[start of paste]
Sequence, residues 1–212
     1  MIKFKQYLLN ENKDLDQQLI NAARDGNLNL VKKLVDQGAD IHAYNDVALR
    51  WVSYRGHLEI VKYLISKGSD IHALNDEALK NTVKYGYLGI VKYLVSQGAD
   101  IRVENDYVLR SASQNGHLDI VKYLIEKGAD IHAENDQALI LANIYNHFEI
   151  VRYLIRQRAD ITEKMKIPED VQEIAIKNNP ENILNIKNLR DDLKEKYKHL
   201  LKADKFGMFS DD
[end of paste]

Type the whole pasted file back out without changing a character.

Sequence, residues 1–212
     1  MIKFKQYLLN ENKDLDQQLI NAARDGNLNL VKKLVDQGAD IHAYNDVALR
    51  WVSYRGHLEI VKYLISKGSD IHALNDEALK NTVKYGYLGI VKYLVSQGAD
   101  IRVENDYVLR SASQNGHLDI VKYLIEKGAD IHAENDQALI LANIYNHFEI
   151  VRYLIRQRAD ITEKMKIPED VQEIAIKNNP ENILNIKNLR DDLKEKYKHL
   201  LKADKFGMFS DD